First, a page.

By Staff for Telesur. President Rafael Correa marks nine years in office Jan. 15, 2016, having overseen the transformation of Ecuador. It will be his last full year in power after his recent decision not to stand again. Correa will go down in history as one of the most successful Ecuadorean presidents. Ecuador before Correa was defined by its political and economic instability, with seven presidents forced out of office in a decade. Neoliberal measures applied by previous administrations left the country one of the poorest and least-developed in the region, but the government of Rafael Correa has undertaken a series of deep reforms, which have delivered remarkable changes for Ecuador’s long-excluded majority. President Rafael Correa said in 2014, “People must prevail over capital,” adding that politics is about whose interest governments serve: “Elites or the majority? Capital or humankind? The market or society? Policies and programs depend on who holds the balance of power.”
By Saree Makdisi for Los Angeles Times. Austin, TX – At its annual convention this week, the Modern Language Assn., which represents 26,000 language and literature scholars, will become the latest academic body to consider the merits of adopting a boycott of Israeli academic institutions. This follows endorsements of such a boycott by the Assn. for Asian American Studies, the American Studies Assn. and, most recently, the American Anthropological Assn., which voted 1,040 to 136 to endorse a resolution to boycott Israeli academic institutions at its November annual meeting in Denver; the AAA’s entire membership will soon vote on the resolution, which is expected to pass.
By Ehab Zahriyeh for Aljazeera – Dozens of students at Wheaton College in suburban Chicago protested on Monday against the school’s move to terminate an associate professor who said Christians and Muslims worship the same God — a statement she made while wearing a hijab to show solidarity with women who face Islamophobia. Students filled the steps of the school’s Edman Memorial Chapel chanting “Reinstate Doc Hawk,” a nickname for Larycia Hawkins. The Protestant evangelical college said in a Jan. 5 statement on its website that its provost had begun a process for terminating her.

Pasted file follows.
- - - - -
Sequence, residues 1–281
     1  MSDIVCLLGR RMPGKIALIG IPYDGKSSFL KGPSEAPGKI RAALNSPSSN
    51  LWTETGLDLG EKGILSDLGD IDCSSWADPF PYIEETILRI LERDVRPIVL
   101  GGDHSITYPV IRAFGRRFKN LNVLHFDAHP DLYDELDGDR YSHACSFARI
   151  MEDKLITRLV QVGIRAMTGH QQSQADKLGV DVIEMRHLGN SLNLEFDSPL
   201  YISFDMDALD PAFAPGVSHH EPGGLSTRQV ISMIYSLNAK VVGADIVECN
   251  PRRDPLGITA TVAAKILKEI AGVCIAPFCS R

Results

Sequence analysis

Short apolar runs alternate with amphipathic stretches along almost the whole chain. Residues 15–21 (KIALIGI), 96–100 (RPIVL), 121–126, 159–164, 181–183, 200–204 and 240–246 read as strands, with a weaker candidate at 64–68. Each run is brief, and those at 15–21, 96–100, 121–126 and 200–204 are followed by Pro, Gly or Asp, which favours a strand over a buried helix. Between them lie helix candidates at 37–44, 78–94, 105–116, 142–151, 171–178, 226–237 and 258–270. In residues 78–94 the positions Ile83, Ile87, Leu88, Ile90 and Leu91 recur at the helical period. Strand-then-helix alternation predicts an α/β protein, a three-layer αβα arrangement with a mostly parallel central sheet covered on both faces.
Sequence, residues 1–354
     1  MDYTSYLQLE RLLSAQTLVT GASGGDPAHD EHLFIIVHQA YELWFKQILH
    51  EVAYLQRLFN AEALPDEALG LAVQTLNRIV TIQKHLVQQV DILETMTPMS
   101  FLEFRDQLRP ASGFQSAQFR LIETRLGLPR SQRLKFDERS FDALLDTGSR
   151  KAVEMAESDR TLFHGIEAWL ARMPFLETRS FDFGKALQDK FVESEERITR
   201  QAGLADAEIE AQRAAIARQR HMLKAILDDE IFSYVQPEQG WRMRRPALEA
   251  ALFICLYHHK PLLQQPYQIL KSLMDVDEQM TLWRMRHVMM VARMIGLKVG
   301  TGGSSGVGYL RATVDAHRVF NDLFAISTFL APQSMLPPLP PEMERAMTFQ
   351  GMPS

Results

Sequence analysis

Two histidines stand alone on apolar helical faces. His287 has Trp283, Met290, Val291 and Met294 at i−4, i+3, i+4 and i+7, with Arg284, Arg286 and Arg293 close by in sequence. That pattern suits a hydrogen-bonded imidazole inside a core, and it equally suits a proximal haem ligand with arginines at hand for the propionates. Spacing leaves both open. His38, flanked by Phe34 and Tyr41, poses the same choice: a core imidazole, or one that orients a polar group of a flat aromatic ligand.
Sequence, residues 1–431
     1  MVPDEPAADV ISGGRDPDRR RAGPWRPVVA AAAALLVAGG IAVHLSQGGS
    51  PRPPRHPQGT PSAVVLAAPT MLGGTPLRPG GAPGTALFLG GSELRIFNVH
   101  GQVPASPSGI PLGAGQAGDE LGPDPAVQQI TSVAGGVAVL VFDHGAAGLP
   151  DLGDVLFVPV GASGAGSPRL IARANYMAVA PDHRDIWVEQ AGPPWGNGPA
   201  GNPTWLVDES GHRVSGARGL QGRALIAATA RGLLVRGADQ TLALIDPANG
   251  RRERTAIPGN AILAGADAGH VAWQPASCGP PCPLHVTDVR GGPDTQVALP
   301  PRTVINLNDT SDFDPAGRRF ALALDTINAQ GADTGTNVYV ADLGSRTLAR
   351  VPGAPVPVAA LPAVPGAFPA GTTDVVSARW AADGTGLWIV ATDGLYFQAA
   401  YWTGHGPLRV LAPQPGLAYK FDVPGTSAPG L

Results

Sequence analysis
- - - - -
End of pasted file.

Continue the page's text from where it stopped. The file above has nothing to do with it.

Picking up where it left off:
By David Jesse and Katrease Stafford for Detroit Free Press – A group of teachers called Detroit Strikes To Win spent more than 90 minutes meeting Sunday night at Gracious Saviour Evangelical Lutheran Church in Detroit to discuss the sick-outs and a possible district-wide strike. The group, led by ousted teacher union president Steve Conn, is upset with what they call the ruination of the school system by the state. When asked by the Detroit Free Press if 35 schools or more, about 1/3 of the district’s schools, could be closed Monday, Conn said: “At this moment, that’s what we believe.”
By Susan DuFresne, for Living in Dialogue. I connect the dots of EduActivists’ work to other movements through Paulo Freire’s Pedagogy of the Oppressed and collaborative activist work I engaged in this summer. Here I make the point that in order to have Compassionate Schools, we also need a compassionate society. In this post I will discuss the liberation involved in developing compassionate schools and how that liberation is connected to the development of a compassionate society. Who are the leaders and who must be involved in the struggle as examples? How are the genres of activist movements connected to the struggle for a compassionate society? Our public schools are becoming schools of trauma. The reformers’ policies have dehumanized schooling, the children, and teachers to the point where schooling itself is traumatic. Children who cry and vomit over high stakes tests. Children and teachers who are punished over test scores. Schools closed causing actual deaths in Chicago for children who must cross gang lines to attend their new schools. Zero Tolerance policies that imprison children for minor infractions.
By Express Web Desk for The Indian Express. New Delhi, India – Ever since news broke out about the non-National Eligibility Test (NET) fellowship being discontinued for research scholars, students across universities have risen up in protest. The Occupy UGC protest is on for over two months now and a lot of students across India is participating in the agitation. The Media Collective group has created the video humorously explaining how the move will affect the economically weaker students and ‘how the government is planning to put India’s education sector on sale.’